The meet market




For hundreds of years in some cultures partners met each other when walking down the aisle of their own arranged marriages.


Nowadays, people meet well before marriage and in a variety of venues.

Joseph met Anne during orientation week at college. He was instantly attracted to her, but Anne had a boyfriend back home. They began a sweet friendship in chemistry class and began backpacking on weekends. Anne’s longdistance relationship eventually disintegrated, and her friendship with Joseph started to ignite. They shared a kiss one evening over a campfire and became insatiably inseparable ever since.

Steven met Roman online at Steven’s profile said he wanted a man between 30 and 39 who liked cats, sarcasm, snowboarding, bluegrass music and meditation. Roman fit the bill perfectly, and two years later they were married at the top of Vail Mountain, snowboards in hand.

Lorrie met Don, Daniel, Edward, Peter, Sean, Bill, Mark and Jesse at a speed-dating event. She spent eight minutes with each man before being shuttled on to the next. At the end of the evening, she chose Peter, who luckily also chose her. The event coordinators e-mailed the pair each other’s phone number and they dated for the subsequent seven months.

Nat met Erica at a small Shabbat dinner at a friend’s house. They shared the same circle of friends, but had yet to meet each other until their friend Paul set them up. Knowing Nat already came with a sound recommendation, she was open to taking an evening stroll with him after dinner. Seven years later, they are still taking evening strolls.

Sally met Sarah on Facebook. They used to date back in college in the ’70s, but recently found each other again on the popular social media site. Sarah had a work trip to San Francisco, where Sally was living, and the two met up in Chinatown for dinner and drinks. Now, Chinatown is a monthly tradition Sarah flies in for.

Today, more than 10 million singles employ electronic technology to meet, whether by online dating or to find groups and events to meet other singles. The booming industry of online dating has yielded more than 1,400 virtual bars and many a marriage. Partners-to-be can streamline the process of meeting people with shared values and interests by perusing pages upon pages of profiles.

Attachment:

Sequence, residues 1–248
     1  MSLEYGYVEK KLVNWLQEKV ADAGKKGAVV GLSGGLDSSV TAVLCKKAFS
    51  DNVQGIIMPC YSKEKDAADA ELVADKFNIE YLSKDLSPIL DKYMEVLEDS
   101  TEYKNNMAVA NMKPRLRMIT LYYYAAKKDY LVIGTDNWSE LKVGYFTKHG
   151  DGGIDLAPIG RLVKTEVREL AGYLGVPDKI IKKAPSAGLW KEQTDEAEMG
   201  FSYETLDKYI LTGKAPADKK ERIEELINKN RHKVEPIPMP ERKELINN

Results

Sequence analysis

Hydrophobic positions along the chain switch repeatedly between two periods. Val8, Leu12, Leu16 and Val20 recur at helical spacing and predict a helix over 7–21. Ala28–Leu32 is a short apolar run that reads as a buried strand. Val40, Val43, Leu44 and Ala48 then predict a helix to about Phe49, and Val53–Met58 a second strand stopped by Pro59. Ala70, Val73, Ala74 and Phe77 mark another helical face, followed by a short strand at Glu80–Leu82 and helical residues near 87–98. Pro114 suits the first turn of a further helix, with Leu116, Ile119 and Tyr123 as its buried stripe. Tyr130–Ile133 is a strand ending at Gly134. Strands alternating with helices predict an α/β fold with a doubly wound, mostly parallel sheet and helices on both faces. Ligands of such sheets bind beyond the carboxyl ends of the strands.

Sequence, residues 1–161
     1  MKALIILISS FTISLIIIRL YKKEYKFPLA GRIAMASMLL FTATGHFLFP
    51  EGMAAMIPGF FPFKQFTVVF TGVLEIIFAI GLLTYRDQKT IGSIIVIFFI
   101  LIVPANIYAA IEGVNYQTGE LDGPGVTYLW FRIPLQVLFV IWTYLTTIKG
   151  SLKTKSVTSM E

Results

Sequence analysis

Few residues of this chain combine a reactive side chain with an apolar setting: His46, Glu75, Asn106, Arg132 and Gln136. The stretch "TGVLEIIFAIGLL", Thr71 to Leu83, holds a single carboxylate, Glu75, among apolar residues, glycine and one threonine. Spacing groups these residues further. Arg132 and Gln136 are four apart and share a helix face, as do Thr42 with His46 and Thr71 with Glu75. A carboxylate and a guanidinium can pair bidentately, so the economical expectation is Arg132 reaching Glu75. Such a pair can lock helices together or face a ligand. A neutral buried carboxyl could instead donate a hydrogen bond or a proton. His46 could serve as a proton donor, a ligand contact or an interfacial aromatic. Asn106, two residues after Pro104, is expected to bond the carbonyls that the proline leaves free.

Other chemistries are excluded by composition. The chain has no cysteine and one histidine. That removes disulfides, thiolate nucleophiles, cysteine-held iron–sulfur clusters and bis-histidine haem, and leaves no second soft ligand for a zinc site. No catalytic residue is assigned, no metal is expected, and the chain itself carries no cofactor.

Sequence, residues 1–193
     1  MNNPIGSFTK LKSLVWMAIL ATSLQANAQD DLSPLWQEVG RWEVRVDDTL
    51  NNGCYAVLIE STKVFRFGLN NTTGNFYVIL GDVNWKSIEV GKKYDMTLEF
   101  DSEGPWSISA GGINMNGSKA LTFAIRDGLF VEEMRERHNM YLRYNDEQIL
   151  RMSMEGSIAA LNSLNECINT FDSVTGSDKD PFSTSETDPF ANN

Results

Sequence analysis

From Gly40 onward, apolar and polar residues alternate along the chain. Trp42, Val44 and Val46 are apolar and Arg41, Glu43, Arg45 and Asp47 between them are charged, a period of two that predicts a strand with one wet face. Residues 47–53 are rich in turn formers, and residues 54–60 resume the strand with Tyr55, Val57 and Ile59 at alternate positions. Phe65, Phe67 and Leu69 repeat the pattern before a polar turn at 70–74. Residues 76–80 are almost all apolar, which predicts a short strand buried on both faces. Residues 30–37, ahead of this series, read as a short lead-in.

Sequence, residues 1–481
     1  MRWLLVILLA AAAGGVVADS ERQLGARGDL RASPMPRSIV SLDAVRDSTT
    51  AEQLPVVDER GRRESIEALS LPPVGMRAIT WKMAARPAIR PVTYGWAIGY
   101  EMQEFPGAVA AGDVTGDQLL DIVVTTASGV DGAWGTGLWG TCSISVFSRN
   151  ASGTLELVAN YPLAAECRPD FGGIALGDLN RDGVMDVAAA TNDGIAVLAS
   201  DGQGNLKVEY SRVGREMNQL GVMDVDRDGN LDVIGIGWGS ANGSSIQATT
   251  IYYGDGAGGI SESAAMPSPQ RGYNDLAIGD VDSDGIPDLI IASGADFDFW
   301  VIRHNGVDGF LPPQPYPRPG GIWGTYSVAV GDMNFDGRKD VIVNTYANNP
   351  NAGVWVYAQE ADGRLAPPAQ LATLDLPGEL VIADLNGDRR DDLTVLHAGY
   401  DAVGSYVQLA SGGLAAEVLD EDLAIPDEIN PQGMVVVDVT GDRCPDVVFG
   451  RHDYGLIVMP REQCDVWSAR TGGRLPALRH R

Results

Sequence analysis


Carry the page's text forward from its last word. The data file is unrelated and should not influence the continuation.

While online dating can save time, many complain that the constant rummaging rules out potential candidates too quickly, not allowing enough time to let the magnets do their magic before impulsively window-shopping to the next profile. As local couples’ therapist Ben Cohen points out, “People can get into a consumer mentality to meet as many people as possible.”

However, those opposed to online dating don’t have to sweat being single. We still meet partners in bars and parties, in classes, at dinners through friends of friends, at the gym, on the Mesa Trail, at in-person speed dating events, through matchmaking services like Just For Lunch, or through, where people find groups and events with like interests.

And then there are those who don’t have to sweat being single because they prefer the solo lifestyle. The Quirkyalone movement, started by Sasha Cagen, highlights those who prefer to be single rather than settle.

Cagen states, “Quirkyalone (or choosing to stay single) isn’t so much about being alone as it is about connection: with yourself and others. … It’s about developing comfort with aloneness and recognizing that comfort is crucial to being with someone else.”

These people enjoy being single, but are open to relationships with the right person. But whether we date the right person, or the right person for now, meeting a future partner can be an art. Some hunt in the wilderness, some prefer to shop in the meat market at the kosher deli, and some prefer to sit down at Southern Sun for a delectable veggie burger. What kind of meat or where you shop does not matter. If you meet the right person, the meal never gets old.

Joseph still sings Jack Johnson songs to Anne 10 years later.

“Do you remember when we first met? I was crazy about you then, and now the craziest thing of all is over 10 years have gone by and you’re still mine.”

Ultimately, it’s about the connections we create.

Jenni Skyler, Ph.D., is a sex therapist and board-certified sexologist. She runs The Intimacy Institute in Boulder, www.